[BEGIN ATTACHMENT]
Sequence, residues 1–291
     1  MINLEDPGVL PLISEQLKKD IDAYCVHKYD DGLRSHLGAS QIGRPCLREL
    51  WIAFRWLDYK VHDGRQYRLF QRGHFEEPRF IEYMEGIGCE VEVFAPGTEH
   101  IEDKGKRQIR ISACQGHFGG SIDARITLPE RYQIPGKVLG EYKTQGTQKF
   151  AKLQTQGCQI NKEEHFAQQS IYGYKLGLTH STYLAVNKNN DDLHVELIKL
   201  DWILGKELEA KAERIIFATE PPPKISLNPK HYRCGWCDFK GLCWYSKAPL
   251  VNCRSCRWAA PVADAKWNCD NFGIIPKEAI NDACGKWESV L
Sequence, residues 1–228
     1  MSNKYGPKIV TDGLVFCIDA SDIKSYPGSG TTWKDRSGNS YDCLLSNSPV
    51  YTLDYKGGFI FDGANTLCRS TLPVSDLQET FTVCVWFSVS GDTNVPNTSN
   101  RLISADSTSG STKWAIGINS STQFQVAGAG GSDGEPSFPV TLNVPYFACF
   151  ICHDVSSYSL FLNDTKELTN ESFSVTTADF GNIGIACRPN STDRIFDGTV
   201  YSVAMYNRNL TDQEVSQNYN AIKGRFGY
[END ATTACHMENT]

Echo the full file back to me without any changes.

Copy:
Sequence, residues 1–291
     1  MINLEDPGVL PLISEQLKKD IDAYCVHKYD DGLRSHLGAS QIGRPCLREL
    51  WIAFRWLDYK VHDGRQYRLF QRGHFEEPRF IEYMEGIGCE VEVFAPGTEH
   101  IEDKGKRQIR ISACQGHFGG SIDARITLPE RYQIPGKVLG EYKTQGTQKF
   151  AKLQTQGCQI NKEEHFAQQS IYGYKLGLTH STYLAVNKNN DDLHVELIKL
   201  DWILGKELEA KAERIIFATE PPPKISLNPK HYRCGWCDFK GLCWYSKAPL
   251  VNCRSCRWAA PVADAKWNCD NFGIIPKEAI NDACGKWESV L
Sequence, residues 1–228
     1  MSNKYGPKIV TDGLVFCIDA SDIKSYPGSG TTWKDRSGNS YDCLLSNSPV
    51  YTLDYKGGFI FDGANTLCRS TLPVSDLQET FTVCVWFSVS GDTNVPNTSN
   101  RLISADSTSG STKWAIGINS STQFQVAGAG GSDGEPSFPV TLNVPYFACF
   151  ICHDVSSYSL FLNDTKELTN ESFSVTTADF GNIGIACRPN STDRIFDGTV
   201  YSVAMYNRNL TDQEVSQNYN AIKGRFGY